i was a blu-ray supporter from the beggining due to the amount of space allowed on 1 disc. But since sonys moves with the rootkits and everything else, i think im starting to lean toward HD-dvd. I thought i read about a watermark in Blu-ray that would make it hard to copy for a backup and i think HP wants users to be able to easily use the new hardware - after all hp makes burners, they want to profit there as well. In either case im not replacing a whole dvd collection with either format.

1020.12.2005 13:25

Yeah I'm not gonna rebuild my collection either. If anything, I'm going for Blu-Ray.

1120.12.2005 15:16

[QUOTE] after all hp makes burners, they want to profit there as well [QUOTE] So does Sony.

1221.12.2005 4:29

sony also wants everyone to buy a ps3.

1321.12.2005 8:36

After MS piss poor release efforts of the 360, I will be one of the may to buy the PS3 with a smile.

1421.12.2005 13:15

i too will happly smile when i buy a ps3, while i make fun of my friends who bought a 360 =)

1521.12.2005 23:05

Same here man. I honestly think M$ should stick to what they (kinda) know, and that is Windows. They should leave gaming alone, as Sony should do with their rootkits.

1622.12.2005 10:35

I have read several articles which say HD-DVD will be backward compatible with today’s DVDs, while Blu-Ray is still working on that. After yesterday’s news that researchers have found Sony Music CD's have yet another problem with code being loaded to your PC, I have just about had it with a company as big as they are intentionally adding malicious software to the CD's. Since last month, CNBC said the Stock Market has said Sony Music CD's and some Sony’s other products are showing a decrease in sales...Good!!! It is my opinion that Sony should face legal consequences should be considered as Malware. DR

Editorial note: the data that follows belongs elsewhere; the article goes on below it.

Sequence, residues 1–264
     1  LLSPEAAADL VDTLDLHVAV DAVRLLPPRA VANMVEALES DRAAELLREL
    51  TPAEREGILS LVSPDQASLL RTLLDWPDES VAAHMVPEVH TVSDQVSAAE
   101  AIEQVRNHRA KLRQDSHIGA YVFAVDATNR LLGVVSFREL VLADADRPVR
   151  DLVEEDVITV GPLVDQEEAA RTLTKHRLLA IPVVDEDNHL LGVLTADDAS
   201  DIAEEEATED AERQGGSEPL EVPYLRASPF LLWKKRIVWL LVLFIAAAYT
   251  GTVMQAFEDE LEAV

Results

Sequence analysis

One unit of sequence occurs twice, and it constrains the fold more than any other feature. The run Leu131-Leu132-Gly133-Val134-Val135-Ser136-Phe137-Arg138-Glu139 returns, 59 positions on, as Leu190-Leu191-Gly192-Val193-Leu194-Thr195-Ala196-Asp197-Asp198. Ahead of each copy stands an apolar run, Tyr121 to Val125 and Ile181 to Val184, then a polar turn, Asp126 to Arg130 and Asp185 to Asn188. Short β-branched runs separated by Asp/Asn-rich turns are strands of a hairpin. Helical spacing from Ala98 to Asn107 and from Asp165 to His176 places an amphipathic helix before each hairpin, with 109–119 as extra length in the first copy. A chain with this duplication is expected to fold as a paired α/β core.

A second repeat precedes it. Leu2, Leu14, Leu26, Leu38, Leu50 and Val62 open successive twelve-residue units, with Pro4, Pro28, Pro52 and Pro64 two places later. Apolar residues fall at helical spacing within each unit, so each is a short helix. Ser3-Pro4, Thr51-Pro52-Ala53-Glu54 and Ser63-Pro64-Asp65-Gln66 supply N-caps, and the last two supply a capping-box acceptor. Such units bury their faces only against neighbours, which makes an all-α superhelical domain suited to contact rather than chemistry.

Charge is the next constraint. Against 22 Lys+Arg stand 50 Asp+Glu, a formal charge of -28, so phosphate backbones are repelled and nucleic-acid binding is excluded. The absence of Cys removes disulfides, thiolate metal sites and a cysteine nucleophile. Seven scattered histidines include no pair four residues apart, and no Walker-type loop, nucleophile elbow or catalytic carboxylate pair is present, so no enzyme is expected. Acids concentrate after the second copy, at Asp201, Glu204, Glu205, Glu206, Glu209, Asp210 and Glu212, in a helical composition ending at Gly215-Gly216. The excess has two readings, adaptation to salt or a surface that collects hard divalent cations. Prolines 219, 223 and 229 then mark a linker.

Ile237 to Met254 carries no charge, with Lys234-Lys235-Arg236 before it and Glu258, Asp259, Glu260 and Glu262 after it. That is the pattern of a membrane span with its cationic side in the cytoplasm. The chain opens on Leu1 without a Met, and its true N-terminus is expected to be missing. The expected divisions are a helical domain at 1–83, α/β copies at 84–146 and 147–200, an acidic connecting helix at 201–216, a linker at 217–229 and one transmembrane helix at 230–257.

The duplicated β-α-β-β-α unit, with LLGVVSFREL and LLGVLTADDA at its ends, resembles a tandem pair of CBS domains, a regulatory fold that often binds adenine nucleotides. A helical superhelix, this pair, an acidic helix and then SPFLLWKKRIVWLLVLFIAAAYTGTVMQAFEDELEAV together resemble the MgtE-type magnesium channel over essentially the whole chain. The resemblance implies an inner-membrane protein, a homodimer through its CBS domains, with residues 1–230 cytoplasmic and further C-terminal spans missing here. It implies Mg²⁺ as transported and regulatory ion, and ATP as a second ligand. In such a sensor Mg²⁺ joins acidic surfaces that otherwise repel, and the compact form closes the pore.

1722.12.2005 11:28

I for 1 hope that HD wins over BD. Not because I think it will be better or blah blah blah. I do not like $ony much. They have not done anything ground break in many years. PS was only made because they were pissed at nintendo. I think tey are desperatly trying to become more profitable in the last couple of years and are not doing a very good job. Take a look at and see for yourself. Companies like Samsung are and will continue to be much more profitable. Untill they find another product to bring in tons of money again (like walkmans, not mini disks, they will continue to fall behind. I think they are banking on BD to be this product. Time will tell.

1822.12.2005 14:10

HP sucks as bad as Sony their just smaller so picking a format on who sucks would be difficault. BR (not BD) is better then HD and will be backward compatable. They both can be watermarked as almost anything can and will use DRM to prevent copying and illegal usage. I wouldn't buy a HP PC in the first place and if I did it would get a Blue-Ray (BR) drive even if it had an HD-DVD. In fact I might want bought just to cover all avenues but my BR would be a burner since it handles higher capacities. You mentioned poor release of the Xbox 360 well at least they were close to their targeted date, Sony has totally missed the mark and in fact MS has put out (2) superior units mean while we are still waiting for the PS3, don't hold your breath you may pass out waiting.

1922.12.2005 14:24

hear me out on this one, the only thing in technology that will benefit from the next generation discs will be the video games. Why? Because movies can not get any better than dvd in my view point because how can you improve the video recording of real life, you really can't. Games will benefit because there will be bigger areas to write to, thus the games will be better quality than ever. But opinions are like assholes everybody got one.